At 200 PM EDT (1800 UTC), the distinct eye of Hurricane Irma was located by a reconnaissance plane and Cuban radars near latitude 22.0 North, longitude 76.0 West. Irma has been moving toward the west near 14 mph (22 km/h), but the hurricane should resume a west-northwest motion later today. A turn toward the northwest is expected by late Saturday. On the forecast track, the eye of Irma should continue to move near the north coast of Cuba and the central Bahamas for the rest of today and Saturday, and be near the Florida Keys and the southern Florida Peninsula Sunday morning.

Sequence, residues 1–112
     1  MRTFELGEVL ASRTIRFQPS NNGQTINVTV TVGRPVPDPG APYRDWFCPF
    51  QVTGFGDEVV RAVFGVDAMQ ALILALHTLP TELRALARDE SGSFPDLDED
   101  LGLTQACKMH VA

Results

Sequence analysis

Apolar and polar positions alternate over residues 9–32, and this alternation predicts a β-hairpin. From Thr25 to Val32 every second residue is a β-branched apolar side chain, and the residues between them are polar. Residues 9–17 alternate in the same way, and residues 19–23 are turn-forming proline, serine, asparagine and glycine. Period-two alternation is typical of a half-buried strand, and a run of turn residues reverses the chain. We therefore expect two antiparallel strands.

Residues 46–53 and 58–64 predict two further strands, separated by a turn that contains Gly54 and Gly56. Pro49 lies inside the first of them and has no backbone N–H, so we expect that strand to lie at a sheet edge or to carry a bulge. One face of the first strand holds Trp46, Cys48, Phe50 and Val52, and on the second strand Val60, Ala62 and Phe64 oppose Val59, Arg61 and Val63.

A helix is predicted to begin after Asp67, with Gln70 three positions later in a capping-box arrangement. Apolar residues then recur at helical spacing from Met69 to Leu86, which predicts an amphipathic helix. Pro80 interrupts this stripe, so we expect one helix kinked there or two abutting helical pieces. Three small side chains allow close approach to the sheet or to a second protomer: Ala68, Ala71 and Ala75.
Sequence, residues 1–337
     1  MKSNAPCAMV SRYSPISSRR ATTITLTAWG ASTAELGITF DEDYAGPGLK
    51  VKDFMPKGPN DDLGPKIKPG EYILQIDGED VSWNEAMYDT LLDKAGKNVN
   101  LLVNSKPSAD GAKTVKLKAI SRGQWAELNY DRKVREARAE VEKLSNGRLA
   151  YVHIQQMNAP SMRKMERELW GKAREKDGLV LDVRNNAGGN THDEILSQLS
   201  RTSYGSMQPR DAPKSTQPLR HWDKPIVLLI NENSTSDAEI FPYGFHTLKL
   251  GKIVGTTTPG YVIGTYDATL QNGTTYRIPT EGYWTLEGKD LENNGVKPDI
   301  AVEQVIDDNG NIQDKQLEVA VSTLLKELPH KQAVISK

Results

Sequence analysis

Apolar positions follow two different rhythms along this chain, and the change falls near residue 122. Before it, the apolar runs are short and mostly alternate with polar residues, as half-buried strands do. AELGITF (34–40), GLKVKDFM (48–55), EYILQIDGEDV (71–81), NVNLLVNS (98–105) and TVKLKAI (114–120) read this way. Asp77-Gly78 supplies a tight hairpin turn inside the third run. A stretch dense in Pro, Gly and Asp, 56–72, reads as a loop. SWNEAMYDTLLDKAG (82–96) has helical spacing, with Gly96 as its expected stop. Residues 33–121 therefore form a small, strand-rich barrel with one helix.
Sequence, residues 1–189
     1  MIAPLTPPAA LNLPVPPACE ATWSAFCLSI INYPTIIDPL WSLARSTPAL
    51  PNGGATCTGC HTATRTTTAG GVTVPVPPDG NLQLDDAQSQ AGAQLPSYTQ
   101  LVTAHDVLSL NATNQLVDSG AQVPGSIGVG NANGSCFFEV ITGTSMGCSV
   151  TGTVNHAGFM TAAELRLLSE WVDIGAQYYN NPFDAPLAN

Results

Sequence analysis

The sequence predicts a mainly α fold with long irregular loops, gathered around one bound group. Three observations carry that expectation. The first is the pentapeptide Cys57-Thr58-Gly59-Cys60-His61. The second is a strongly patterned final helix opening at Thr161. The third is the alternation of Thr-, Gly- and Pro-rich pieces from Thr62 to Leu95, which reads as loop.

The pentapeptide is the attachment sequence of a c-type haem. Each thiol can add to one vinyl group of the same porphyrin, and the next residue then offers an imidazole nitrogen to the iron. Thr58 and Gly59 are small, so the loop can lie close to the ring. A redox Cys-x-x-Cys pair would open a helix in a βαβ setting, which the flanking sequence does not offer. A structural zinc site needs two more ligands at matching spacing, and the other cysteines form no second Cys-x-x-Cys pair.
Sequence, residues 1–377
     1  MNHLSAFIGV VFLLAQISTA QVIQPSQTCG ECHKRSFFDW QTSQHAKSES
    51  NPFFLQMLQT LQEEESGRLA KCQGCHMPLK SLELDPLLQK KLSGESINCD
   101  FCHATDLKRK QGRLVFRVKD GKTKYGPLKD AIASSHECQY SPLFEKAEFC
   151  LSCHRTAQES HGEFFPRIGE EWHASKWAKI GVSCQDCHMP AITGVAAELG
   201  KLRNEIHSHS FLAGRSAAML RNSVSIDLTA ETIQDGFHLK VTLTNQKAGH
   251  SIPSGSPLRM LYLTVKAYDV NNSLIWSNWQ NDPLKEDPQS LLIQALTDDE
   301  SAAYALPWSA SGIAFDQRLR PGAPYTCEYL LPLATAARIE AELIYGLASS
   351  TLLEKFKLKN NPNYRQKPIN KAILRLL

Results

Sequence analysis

Maximum sustained winds are near 155 mph (250 km/h) with higher gusts. Irma is a category 4 hurricane on the Saffir-Simpson Hurricane Wind Scale. Some fluctuations in intensity are likely to continue during the next day or two, and Irma is expected to remain a powerful category 4 hurricane as it approaches Florida.
Hurricane-force winds extend outward up to 70 miles (110 km) from the center and tropical-storm-force winds extend outward up to 185 miles (295 km).
The latest minimum central pressure reported by an Air Force reconnaissance plane was 925 mb (27.31 inches).